Obama taps Bush aide Melissa Hathaway to review federal cybersecurity efforts

President asks Hathaway, who led multiagency security initiative launched by Bush, to recommend changes in existing programs

Melissa Hathaway, a Bush administration official who is credited with helping to develop a multibillion-dollar classified initiative aimed at better securing federal systems and critical-infrastructure networks against online threats, has been named by President Barack Obama to lead a 60-day review of the government's cybersecurity efforts.

Hathaway was named acting senior director for cyberspace for the National Security Council as well as the Homeland Security Council. She has been tasked with conducting the governmentwide review of ongoing cybersecurity programs and developing recommendations for ensuring that they are aligned with government and private-sector needs, according to a statement released by the White House this evening.

A story posted online yesterday by The Wall Street Journal, quoting unnamed government sources, said that Hathaway was expected to be chosen to head up a new White House cybersecurity office after the review was completed. The statement about the review from the White House didn't address that possibility.

Hathaway has been working as a cybercoordination executive for the Office of the Director of National Intelligence (download PDF). She chaired a multiagency group called the National Cyber Study Group that was instrumental in developing the Comprehensive National Cyber Security Initiative, which was approved by former President George W. Bush early last year. Since then, she has been in charge of coordinating and monitoring the CNCI's implementation.

Amit Yoran, a former director of the U.S. Department of Homeland Security's National Cyber Security Division, said today that although Hathaway isn't very well known outside of Washington, she is a "known entity" within the federal cybersecurity community.

"She has been really charging and moving forward with CNCI for the past 24 months," said Yoran, who currently is CEO of NetWitness Corp., a vendor of network-traffic analysis tools in Herndon, Va. He also was a member of a commission, set up by the Center for Strategic and International Studies (CSIS) in Washington, that recommended major changes in the federal government's approach to cybersecurity in a report issued in December.

If the reports about Hathaway becoming Obama's cybersecurity chief are correct, she will have "pretty strong leverage" to influence policy and bring together various government entities as part of the CNCI, Yoran said. Her immediate assignment to review the work that has been done thus far as part of the initiative and other cybersecurity programs is a good idea, he added.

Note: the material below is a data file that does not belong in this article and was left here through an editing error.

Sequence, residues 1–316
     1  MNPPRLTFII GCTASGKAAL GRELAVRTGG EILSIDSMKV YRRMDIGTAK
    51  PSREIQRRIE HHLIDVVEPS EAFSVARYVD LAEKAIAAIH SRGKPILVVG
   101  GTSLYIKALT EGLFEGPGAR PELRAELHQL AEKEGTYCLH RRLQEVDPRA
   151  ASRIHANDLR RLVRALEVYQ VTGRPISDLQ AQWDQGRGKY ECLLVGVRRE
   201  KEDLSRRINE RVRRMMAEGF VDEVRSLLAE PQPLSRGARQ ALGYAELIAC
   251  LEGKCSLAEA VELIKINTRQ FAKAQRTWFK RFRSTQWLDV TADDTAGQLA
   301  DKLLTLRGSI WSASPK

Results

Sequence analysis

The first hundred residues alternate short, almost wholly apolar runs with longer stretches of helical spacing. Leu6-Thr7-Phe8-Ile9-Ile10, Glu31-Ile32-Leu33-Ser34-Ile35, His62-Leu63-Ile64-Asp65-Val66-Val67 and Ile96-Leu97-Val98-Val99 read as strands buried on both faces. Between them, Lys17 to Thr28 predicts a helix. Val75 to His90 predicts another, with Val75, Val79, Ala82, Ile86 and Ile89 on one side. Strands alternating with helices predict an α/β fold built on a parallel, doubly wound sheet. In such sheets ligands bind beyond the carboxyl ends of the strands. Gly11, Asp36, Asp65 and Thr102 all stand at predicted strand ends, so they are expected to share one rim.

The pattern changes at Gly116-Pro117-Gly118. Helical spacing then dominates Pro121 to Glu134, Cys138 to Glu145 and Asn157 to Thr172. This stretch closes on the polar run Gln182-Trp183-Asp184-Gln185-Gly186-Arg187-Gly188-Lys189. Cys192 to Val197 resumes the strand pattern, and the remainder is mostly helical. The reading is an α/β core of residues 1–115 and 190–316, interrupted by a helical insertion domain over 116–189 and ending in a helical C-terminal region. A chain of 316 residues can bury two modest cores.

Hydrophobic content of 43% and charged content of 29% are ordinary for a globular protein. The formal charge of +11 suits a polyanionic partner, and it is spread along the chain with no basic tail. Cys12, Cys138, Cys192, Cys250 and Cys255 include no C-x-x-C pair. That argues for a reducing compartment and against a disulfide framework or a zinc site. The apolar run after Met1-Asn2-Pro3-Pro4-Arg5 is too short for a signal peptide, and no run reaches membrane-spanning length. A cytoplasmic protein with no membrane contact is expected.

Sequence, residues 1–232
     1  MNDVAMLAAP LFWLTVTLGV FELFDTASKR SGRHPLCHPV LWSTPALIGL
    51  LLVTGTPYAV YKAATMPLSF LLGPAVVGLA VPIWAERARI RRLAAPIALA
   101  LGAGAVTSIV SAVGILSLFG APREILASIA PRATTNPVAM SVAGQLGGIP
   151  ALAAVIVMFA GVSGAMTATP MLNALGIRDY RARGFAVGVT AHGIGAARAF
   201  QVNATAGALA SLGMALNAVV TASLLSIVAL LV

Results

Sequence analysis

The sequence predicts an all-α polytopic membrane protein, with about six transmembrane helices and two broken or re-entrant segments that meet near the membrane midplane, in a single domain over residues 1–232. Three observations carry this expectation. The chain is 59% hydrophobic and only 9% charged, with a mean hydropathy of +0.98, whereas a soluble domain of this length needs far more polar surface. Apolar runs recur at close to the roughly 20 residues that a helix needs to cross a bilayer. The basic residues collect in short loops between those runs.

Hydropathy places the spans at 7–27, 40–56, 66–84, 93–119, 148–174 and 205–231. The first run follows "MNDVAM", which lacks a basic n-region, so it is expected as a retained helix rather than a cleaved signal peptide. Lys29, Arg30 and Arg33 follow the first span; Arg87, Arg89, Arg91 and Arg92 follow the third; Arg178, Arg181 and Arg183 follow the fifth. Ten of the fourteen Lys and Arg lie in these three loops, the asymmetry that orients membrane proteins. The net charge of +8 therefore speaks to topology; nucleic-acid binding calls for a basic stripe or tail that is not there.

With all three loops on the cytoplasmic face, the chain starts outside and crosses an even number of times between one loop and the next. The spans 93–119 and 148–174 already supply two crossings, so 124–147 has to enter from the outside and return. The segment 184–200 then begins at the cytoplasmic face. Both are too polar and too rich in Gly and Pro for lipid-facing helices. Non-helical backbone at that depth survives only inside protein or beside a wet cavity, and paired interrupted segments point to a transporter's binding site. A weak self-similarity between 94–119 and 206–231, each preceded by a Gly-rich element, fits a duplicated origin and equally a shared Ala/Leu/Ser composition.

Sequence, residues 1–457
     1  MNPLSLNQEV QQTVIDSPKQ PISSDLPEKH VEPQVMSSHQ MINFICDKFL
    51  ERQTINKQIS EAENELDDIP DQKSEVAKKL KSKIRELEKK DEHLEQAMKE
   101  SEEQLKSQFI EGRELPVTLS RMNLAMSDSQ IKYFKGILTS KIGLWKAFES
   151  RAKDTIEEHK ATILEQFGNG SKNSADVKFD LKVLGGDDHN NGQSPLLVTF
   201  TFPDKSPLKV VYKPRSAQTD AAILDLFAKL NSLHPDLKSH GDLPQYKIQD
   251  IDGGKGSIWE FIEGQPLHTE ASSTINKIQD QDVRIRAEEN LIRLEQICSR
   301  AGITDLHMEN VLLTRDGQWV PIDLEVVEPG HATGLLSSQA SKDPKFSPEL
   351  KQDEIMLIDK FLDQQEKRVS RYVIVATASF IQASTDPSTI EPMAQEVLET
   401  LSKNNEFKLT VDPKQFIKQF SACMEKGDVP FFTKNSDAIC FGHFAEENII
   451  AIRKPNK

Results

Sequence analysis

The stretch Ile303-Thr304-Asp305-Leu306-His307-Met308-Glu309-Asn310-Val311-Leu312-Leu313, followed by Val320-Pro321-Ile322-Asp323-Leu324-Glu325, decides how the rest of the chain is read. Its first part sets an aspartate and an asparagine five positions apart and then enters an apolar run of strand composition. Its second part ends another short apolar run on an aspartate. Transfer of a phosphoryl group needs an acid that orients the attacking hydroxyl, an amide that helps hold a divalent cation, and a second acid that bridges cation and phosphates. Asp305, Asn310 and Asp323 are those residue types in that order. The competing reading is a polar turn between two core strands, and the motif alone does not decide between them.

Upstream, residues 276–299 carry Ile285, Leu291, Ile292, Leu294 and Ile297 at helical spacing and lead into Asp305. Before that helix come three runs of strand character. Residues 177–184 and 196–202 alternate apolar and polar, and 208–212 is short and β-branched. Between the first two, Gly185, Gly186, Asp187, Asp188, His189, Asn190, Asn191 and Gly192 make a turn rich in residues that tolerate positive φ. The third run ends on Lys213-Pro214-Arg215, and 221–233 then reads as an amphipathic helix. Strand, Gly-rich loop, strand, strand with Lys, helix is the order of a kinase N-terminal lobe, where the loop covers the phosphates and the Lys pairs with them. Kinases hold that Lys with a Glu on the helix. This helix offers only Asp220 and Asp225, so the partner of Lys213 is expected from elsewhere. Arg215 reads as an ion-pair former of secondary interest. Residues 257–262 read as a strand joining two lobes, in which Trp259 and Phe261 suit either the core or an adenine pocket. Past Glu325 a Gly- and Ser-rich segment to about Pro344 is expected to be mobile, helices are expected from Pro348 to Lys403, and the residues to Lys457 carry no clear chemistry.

"Just because she has been managing it doesn't mean the direction she has taken shouldn't be reviewed," he said. The review is especially needed, according to Yoran, because much of the work that has gone on under the CNCI has been classified. "I wouldn't be surprised if there weren't some adjustments to the current portfolio that need to be made," he said, while noting that he also thinks "a lot of the activities that are under way" likely are aligned with national cybersecurity objectives.

Tom Kellermann, another member of the CSIS commission, also expressed satisfaction about Hathaway's involvement in the review and the possibility that she will take the lead on cybersecurity issues afterward. He said that Hathaway has a keen understanding of the international nature and scope of the cybersecurity problem and the nexus that exists between cybercriminals and unfriendly governments.

Kellermann, who is vice president of security awareness at Core Security Technologies, a Boston-based vendor of security testing tools, added that he hopes the cybersecurity job will eventually be elevated "to a higher level" — that of a special adviser who would report directly to Obama.

John Pescatore, an analyst at Gartner Inc., agreed that Hathaway's choice to lead the cybersecurity review is a good one but said that her previous work on the CNCI could be somewhat problematic. While the initiative has some good points, the effort is well behind private-sector norms in dealing with issues such as intrusion prevention and detection, Pescatore said.

He also thinks that the CNCI is weighted too heavily toward building centralized "situational analysis" capabilities, and that its combined antiterrorism surveillance and infrastructure protection goals are too broadly focused. "I don't think it's a very good model for how the government should move forward," he said.

Copyright © 2009 IDG Communications, Inc.

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